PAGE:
Background: Tolerance induction after allogeneic rat liver transplantation (LTx) is well described, however despite years of extensive research the underlying immune mechanisms remain unclear. Since the liver graft appears to be immunologically privileged among vascularized organs, we focused our study to analyze the cytokine production of intragraft CD4+ T cells at different times after LTx.
Methods: Orthotopic arterialized LTx was performed in two allogeneic rat strain combinations with remaining rejection (DA-LEW = REJ) and tolerance (LEW-DA = TOL). Intrahepatic leukocytes were isolated on days 3, 5, 7, 14, 30, 60 and 100 after transplantation and CD4+ T cells were purified by an immunomagnetic method. Their mRNA cytokine expression was analyzed by semiquantitative RT-PCR before and after in vitro restimulation with mAbs against abT cell receptor and CD28.
Results: Allografts in animals from REJ-model were rejected within 12 days, whereas liver grafts from animals in TOL-model survived long-term (>100 days) without immunosuppression despite a complete MHC mismatch (spontaneous liver tolerance). In the early phase after LTx (until day 7) liver grafts of both models were strongly infiltrated. Compared to normal levels (1.5x106 cells/g liver) the amount of intrahepatic leukocytes was up to 10-fold increased after transplantation. Intrahepatic activated (CD45RClow) recipient CD4+ T cells produced high levels of Th1-like cytokines (IL-2, IFN-g). However, these primed T cells were phenotypically unstable and switched back to the CD45RChigh (naive) state due to a reduced IL-2 production in the REJ-model between day 5 and 7. In the TOL-model the persistence of activated T cells was prolonged. Reverted to the CD45RChigh phenotype they were now able to produce IL-13 in response to a further alloantigen stimulation.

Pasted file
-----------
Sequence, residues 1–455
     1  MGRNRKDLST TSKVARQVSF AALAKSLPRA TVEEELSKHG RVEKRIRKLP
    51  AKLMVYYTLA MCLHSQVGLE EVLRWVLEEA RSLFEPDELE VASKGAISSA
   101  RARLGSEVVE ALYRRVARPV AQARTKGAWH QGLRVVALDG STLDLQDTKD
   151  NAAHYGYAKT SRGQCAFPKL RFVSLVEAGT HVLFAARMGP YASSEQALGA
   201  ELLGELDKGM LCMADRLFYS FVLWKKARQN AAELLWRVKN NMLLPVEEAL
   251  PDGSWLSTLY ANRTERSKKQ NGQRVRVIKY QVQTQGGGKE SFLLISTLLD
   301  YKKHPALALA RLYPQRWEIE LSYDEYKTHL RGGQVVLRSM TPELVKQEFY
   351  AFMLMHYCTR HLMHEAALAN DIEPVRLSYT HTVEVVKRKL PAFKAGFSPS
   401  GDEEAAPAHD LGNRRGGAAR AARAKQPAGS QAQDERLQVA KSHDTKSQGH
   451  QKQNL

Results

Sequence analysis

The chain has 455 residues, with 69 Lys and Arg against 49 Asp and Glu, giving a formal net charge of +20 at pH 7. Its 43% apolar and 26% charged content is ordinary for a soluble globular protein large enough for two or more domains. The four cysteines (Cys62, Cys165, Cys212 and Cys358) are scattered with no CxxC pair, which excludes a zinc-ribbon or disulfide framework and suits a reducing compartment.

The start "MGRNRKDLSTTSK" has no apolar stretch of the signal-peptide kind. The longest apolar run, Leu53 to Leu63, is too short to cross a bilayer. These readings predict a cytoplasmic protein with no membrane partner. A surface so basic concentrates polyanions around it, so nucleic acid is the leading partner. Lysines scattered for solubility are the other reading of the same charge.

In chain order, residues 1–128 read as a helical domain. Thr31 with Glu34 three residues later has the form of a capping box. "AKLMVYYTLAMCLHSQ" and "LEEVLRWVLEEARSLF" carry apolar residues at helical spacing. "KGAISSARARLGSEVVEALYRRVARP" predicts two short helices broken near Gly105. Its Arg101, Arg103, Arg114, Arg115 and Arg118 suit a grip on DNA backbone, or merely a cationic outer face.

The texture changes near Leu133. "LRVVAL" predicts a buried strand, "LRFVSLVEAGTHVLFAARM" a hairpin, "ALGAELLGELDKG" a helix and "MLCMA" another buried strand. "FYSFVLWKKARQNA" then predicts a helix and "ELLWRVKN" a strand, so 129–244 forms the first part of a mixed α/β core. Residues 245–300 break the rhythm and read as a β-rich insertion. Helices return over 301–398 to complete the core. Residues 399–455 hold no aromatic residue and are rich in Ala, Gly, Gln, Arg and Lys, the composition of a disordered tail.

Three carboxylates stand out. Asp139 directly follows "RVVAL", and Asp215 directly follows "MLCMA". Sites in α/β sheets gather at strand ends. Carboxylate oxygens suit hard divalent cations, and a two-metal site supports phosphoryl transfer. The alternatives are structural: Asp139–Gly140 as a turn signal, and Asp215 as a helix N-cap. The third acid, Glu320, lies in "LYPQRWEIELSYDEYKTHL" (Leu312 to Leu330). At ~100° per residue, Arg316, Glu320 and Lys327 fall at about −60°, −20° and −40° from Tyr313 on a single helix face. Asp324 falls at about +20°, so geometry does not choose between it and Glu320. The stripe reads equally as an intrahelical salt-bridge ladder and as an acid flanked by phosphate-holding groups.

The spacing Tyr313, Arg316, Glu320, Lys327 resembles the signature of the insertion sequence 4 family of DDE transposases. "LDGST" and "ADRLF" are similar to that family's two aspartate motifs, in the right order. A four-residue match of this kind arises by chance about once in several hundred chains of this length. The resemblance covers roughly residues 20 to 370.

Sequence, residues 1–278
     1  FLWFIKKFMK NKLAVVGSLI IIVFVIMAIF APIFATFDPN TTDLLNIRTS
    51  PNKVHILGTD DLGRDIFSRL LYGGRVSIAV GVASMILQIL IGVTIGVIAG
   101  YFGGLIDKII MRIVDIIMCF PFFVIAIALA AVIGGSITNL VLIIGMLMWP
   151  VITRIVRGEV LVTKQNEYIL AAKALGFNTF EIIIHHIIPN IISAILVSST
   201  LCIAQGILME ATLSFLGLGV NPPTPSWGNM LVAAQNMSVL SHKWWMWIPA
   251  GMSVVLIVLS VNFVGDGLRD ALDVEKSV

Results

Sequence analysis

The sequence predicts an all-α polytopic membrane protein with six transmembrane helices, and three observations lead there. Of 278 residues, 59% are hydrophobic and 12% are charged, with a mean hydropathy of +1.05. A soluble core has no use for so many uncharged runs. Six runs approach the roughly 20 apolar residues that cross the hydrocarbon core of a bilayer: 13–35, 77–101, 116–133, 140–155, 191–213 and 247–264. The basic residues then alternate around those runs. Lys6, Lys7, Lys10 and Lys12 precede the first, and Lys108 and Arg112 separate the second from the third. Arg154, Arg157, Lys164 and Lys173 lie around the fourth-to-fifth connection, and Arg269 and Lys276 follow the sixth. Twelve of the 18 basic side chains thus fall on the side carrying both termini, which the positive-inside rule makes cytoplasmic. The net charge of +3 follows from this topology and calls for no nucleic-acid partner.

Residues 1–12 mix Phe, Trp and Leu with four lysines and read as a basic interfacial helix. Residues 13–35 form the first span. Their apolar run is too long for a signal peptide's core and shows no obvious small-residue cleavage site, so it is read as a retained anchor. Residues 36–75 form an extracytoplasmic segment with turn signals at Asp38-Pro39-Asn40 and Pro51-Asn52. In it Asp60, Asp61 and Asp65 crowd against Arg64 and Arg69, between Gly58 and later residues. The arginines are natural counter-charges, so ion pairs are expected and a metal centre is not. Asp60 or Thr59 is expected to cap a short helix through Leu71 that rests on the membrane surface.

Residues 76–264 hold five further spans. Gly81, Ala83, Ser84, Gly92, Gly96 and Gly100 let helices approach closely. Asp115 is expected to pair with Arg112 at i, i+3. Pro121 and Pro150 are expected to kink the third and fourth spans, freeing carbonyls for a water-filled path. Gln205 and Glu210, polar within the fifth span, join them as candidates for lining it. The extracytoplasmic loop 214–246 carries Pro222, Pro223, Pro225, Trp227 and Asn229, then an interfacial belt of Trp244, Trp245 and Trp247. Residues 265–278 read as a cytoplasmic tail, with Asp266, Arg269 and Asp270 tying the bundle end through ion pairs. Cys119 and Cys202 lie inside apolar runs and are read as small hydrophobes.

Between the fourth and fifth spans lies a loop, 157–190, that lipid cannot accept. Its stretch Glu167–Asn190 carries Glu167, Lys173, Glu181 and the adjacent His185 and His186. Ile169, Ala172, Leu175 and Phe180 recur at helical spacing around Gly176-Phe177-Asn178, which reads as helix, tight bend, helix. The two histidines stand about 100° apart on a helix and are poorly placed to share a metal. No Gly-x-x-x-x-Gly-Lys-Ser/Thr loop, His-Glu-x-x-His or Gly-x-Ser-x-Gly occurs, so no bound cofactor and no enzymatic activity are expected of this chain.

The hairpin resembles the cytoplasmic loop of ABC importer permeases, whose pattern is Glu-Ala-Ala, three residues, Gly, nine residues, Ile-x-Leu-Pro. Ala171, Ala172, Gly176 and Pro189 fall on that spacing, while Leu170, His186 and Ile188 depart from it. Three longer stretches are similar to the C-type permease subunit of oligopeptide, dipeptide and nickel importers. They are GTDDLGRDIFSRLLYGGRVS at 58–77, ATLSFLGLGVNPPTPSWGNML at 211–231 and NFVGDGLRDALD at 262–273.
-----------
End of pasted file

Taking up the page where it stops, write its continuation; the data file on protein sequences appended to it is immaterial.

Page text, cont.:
Conclusions: Recipient T cells are engaged in acute rejection as well as in tolerance induction after liver transplantation. The early phase after transplantation was clearly dominated by the Th1-type cytokins IL-2 and IFN-g in both models. CD4+ T cells from tolerized animals expressed after restimulation the Th2 cytokin IL-13 that shares a variety of biological functions with IL-4. This indicate that already in the early phase after LTx Th2-like CD4+ T cells have a putative regulatory function in tolerance induction.